Committing to the Social Media Leap

We knew that in order to develop and hold a subscriber base, information, energy and enthusiasm had to be communicated predictably and often. One of the biggest challenges we faced once the initial profiles were set up was establishing a department-wide, disciplined commitment to providing regular updates using consistent messaging techniques. As is typical of many medium-to-small sized zoos, both the duties and talents of our marketing staff are diverse; so was their exposure to and experience with social media. A short, formal training brought our marketing staff up to speed on the basic elements of using the site along with message delivery and user attraction.

In order to ensure that all posted content conformed to communications decisions and policies, preparation of a social media policy effectively started a conversation about what should and should not be posted on our various profiles. Yet, establishing policies was only a first step to managing the Zoo’s social media profiles. Our department needed to find a way to stay on top of the ever changing social media landscape or all of the preparation to develop our presence on these sites would be wasted.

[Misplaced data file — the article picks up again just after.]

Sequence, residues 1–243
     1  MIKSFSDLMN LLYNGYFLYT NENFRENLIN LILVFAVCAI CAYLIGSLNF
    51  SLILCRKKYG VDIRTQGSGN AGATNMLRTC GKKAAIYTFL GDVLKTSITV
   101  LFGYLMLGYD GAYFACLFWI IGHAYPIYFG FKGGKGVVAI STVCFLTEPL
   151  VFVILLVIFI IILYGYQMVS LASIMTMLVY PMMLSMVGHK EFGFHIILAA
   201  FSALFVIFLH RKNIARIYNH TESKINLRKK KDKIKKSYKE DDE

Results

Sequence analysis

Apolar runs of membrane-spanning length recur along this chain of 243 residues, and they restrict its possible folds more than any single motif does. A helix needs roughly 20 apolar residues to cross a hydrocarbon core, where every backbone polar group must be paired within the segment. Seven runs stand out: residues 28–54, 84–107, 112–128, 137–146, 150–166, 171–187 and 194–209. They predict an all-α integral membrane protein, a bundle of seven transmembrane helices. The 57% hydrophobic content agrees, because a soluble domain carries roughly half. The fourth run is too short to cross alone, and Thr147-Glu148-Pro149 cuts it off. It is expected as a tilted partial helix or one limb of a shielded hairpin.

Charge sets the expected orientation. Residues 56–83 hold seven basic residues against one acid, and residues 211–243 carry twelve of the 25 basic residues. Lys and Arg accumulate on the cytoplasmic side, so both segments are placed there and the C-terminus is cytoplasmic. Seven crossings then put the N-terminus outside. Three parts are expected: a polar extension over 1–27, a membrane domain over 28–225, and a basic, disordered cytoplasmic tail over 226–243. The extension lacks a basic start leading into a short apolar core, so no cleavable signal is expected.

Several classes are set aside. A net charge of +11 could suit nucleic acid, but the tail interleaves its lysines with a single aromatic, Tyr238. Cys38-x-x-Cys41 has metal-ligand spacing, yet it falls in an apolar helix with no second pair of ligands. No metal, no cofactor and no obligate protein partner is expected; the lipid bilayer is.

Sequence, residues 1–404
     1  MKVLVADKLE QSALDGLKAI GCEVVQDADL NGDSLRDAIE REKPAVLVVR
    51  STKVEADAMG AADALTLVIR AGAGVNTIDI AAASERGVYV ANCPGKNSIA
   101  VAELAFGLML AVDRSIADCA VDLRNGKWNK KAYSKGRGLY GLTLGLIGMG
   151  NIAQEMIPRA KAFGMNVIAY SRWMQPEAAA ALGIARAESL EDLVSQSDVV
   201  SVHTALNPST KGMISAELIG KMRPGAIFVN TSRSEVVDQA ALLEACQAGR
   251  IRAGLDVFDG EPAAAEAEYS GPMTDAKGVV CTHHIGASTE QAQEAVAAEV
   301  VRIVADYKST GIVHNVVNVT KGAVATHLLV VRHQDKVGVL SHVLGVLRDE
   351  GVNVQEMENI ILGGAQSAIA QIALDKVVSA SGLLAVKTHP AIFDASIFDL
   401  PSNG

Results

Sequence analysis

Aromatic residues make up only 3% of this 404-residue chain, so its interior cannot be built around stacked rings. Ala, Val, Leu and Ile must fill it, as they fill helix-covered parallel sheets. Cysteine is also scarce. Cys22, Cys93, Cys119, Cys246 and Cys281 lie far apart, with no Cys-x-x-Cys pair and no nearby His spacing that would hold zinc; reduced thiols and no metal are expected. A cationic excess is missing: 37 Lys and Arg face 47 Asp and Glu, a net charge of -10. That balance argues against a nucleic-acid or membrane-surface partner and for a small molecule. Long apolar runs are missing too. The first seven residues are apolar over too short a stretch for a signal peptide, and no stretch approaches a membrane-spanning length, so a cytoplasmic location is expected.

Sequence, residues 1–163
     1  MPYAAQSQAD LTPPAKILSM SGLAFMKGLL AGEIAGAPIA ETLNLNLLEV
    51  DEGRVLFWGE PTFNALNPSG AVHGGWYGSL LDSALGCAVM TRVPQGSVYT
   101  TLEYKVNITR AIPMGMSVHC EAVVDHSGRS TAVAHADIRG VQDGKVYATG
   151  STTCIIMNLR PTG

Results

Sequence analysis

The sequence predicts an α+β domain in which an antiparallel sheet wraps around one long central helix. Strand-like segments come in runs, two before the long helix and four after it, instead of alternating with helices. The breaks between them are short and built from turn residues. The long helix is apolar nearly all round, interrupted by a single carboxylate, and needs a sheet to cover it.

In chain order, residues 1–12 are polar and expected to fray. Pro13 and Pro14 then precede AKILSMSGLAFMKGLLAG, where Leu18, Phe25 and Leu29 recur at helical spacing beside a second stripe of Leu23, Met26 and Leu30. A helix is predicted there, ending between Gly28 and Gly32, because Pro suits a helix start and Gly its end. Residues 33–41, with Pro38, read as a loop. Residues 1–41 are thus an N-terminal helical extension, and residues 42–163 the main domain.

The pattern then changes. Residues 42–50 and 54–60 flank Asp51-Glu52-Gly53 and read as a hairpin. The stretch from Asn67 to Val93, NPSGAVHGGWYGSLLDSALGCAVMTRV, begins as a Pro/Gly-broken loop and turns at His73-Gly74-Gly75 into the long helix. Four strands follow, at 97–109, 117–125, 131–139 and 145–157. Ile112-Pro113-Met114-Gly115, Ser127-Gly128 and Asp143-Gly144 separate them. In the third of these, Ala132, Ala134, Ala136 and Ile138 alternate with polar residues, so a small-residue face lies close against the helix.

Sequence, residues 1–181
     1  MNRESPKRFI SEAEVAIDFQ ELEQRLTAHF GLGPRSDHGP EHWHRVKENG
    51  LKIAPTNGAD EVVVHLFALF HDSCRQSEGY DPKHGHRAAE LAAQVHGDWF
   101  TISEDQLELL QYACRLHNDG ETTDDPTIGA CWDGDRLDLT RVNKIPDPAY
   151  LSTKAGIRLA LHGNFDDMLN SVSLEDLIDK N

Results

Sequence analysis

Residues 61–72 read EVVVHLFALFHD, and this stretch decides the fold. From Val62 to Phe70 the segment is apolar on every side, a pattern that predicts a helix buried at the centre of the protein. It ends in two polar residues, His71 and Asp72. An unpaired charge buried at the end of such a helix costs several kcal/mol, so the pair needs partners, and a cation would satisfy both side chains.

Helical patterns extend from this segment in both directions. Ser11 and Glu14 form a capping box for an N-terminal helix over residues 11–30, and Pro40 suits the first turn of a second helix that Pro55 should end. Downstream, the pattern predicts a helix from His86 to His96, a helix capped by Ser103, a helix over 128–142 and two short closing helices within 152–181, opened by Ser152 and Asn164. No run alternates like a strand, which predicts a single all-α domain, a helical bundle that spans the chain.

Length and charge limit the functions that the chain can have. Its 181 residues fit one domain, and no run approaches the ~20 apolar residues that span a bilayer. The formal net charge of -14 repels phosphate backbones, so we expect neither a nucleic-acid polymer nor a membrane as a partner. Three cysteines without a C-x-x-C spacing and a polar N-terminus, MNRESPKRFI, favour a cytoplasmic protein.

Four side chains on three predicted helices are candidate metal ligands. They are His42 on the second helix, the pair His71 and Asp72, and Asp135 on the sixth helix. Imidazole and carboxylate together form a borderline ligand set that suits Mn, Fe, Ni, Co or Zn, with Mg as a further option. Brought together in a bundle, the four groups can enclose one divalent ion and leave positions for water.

Tools to Stay Ahead of the Curve

New features are added and improvements made on these sites regularly, requiring our staff to stay in a constant information loop with multiple platforms. In our marketing department, this means we subscribe to social media newsletters and blog feeds. Some e-newsletters we subscribe to include Mashable.com, CNET’s Webware and the New York Times technology section.

Additionally, communicating with other zoos and aquariums through the various social media sites has been especially helpful. For example, when on a site like Twitter, we follow other AZA-accredited zoos and aquariums to see how other institutions publish news and communicate with their target audience. It’s an excellent way to plan how and when to post messages or how best to engage followers. Trivia, photos and animal facts seem to receive the most attention, as zoos and aquariums are experts in this field. Photos connect users to animals that they may not see anywhere else, like the rare Jentink’s duiker at the Gladys Porter Zoo.